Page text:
FARMERS may well know they are growing the best produce or animals in the most ethical way, but how do they know their hard work is being properly appreciated and compensated by the consumer?
How does environmentally raised produce, careful selection of bloodlines, generational improvements – the provenance of that food – make its way through the hubbub of saleyards, transport, abattoirs, retailers and restaurants to the consumers’ plate?
The answer – branding.
Paul Crock and Sam Standfield-Crock combined with other farmers in the area to form Gippsland Natural Meats.
Gippsland Natural Meats is a producer-owned company that aims to promote free-range, grass-fed beef grown in Gippsland.
Gippsland Natural tries to link the quality of the product with the price returned to the producer – and there are compliance protocols to keep the brand recognisable as high quality beef.
Gippsland Natural targets the food service sector, supplying leading restaurants and steak houses with various cuts, but also value added partnerships such as burgers, gourmet pies and smallgoods.
Gippsland Natural was ahead of the grass-fed consumer demand, Meat Standard Australia (MSA) grading and provenance-based marketing now being seen in high-end butchers and some supermarkets.
It hasn’t been easy, but it has been rewarding.
Paul Crock led a farm walk at his Fish Creek property recently with other producers keen to see how branding has worked for the cooperative business, and the environmental safeguards the family has implemented to keep it’s clean, green reputation through Enviromeat accreditation.
The farm’s environmental policy is not unusual for farmers who have already embraced the Landcare ethos, it is unusual in that it’s written down and informs much of what happens on the farm from day to day.
“At Crockfield Pastoral Company we aim to produce high quality beef and lamb [since discontinued] and associated products (ie wool) in an ecologically sustainable manner,” the policy reads.
“We will do this whilst minimising our direct and indirect environmental and social impacts and conserving our natural resources.”
At the farm walk at Fish Creek, Paul showed how that statement is implemented on the farm.
Crockfield Pastoral was established when Paul Crock and Sam Standfield took over the farm at Fish Creek at the end of 2000.
An ambitious farm plan was developed before any works proceeded.
With more or less a blank canvas, the plan aimed to standardise paddock sizes to improve grazing management, construct tracks and laneways to facilitate movement of stock and improve farm safety by fencing off steep areas, water courses, creating wind breaks, excluding stock to protect remnant vegetation and improve water quality.
Since 2000 the family has planted more than 50,000 indigenous plants, mostly propagated from trees and shrubs on the property or the adjoining rail trail.
Crockfield Pastoral is on 190 acres (approximately 77ha), with 40 acres (16ha) leased to run around 50 spring calvers and 30 autumn calvers.
Paul had been working with the Phillip Island Landcare Group, Victorian Farmers Federation and Alcoa Landcare and noticed a discrepancy with the amount of environmental work farmers were doing, but the lack of financial reward.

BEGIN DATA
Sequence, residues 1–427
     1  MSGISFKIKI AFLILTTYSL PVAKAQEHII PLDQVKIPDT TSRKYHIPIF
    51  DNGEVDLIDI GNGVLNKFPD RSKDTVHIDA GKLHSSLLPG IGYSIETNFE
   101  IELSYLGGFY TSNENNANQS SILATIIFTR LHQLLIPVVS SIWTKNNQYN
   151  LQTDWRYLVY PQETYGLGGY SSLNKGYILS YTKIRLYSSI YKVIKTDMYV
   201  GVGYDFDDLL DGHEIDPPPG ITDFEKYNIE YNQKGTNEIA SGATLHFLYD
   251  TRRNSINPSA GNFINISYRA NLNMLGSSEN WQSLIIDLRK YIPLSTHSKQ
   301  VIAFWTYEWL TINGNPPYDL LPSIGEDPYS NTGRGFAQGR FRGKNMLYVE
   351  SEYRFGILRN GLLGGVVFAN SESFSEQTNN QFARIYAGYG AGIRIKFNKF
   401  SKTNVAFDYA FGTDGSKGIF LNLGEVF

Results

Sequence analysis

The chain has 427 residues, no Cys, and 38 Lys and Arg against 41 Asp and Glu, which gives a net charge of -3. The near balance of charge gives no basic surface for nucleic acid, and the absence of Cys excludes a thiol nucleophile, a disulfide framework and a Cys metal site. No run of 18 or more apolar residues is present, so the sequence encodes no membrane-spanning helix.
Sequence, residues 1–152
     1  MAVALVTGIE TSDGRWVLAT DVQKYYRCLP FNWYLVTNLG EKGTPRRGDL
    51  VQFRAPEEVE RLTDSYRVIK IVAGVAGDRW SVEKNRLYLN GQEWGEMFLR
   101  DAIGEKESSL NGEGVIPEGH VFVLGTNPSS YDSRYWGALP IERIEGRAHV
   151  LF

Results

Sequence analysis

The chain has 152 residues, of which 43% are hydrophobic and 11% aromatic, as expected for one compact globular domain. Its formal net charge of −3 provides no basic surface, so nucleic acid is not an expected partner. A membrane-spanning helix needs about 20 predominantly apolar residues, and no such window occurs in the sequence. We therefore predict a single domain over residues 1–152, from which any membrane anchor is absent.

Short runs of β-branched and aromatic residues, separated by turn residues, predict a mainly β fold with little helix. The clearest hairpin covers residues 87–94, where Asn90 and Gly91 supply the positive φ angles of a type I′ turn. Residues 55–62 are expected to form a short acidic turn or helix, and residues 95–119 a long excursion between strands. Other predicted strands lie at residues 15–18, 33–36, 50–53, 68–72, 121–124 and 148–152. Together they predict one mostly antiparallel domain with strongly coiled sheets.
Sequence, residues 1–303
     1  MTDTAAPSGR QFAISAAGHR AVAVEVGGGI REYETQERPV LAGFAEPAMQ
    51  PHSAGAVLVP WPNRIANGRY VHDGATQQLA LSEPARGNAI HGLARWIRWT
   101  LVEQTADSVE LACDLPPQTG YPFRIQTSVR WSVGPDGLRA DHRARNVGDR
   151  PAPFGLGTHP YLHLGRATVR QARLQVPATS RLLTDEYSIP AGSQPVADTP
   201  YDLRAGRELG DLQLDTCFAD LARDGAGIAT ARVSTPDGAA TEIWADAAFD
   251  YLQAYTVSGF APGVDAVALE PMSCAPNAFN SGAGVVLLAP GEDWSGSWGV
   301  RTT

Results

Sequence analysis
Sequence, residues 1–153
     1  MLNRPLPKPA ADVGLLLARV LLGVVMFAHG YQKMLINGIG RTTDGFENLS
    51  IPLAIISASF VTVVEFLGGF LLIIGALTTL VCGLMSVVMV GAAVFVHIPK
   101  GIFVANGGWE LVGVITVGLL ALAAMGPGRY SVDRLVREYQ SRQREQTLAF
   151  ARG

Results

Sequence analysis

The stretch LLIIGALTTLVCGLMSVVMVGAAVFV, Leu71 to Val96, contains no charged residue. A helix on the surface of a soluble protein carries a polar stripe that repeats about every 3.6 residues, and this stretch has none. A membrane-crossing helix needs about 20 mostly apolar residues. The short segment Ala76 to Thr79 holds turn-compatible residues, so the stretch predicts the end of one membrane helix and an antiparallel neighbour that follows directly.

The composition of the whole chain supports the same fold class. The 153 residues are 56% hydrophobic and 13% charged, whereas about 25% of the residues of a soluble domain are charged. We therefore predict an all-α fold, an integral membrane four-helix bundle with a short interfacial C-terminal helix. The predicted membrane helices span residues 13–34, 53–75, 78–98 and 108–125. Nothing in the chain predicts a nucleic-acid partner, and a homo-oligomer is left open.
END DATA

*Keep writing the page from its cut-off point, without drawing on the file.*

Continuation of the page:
“It struck me that farmers were doing all this enviro work, but not getting any more for the beef or their produce,” he said.
“We developed an enviro management system that would bring these farms under a brand.”
There were about 30 families involved initially.
“It’s trendy now, but when we started it was unheard of.
“Our rationale was to develop a market for Gippsland beef – now everyone’s trying to do grass-fed, hormone-free beef.”
Paul said the brand had to evolve into one that guaranteed a superior eating product – before Woolworths made the MSA grading system ‘mainstream’.
With superior beef, Gippsland Natural Beef focused on the restaurant trade where there was better return for product, and provenance for customers – connecting delicious food with the region.
Now Gippsland Natural Beef provides around 15 beasts a week.
“The MSA process involves every link in the production chain to be MSA licenced so that from the farm to the plate, each person knows what is required to ensure the eating quality of the product meets or exceeds the consumers’ expectations,” Paul said.
“From a producer’s perspective, it is important that animals are maintained in a low stress environment, with increasing levels of nutrition especially in the weeks before they are turned off the farm.
“Mixing of mobs is not permitted two weeks prior to their dispatch as the social realignment in this period is enough to impact on the eating quality of the meat.
“To improve animal welfare and especially in the area of stock handling and stock load-out, we have recently embarked on a new set of cattle yards.
“This includes facilities to better manage marking of calves, and new weigh facilities to ensure the animals make the required specifications for Gippsland Natural.”
There is regulation all through the process from farm to plate – the size, fat cover, even the way the beef is hung – all to guarantee tenderness and a customer base that keeps coming back for meat that is ‘a cut above the rest’.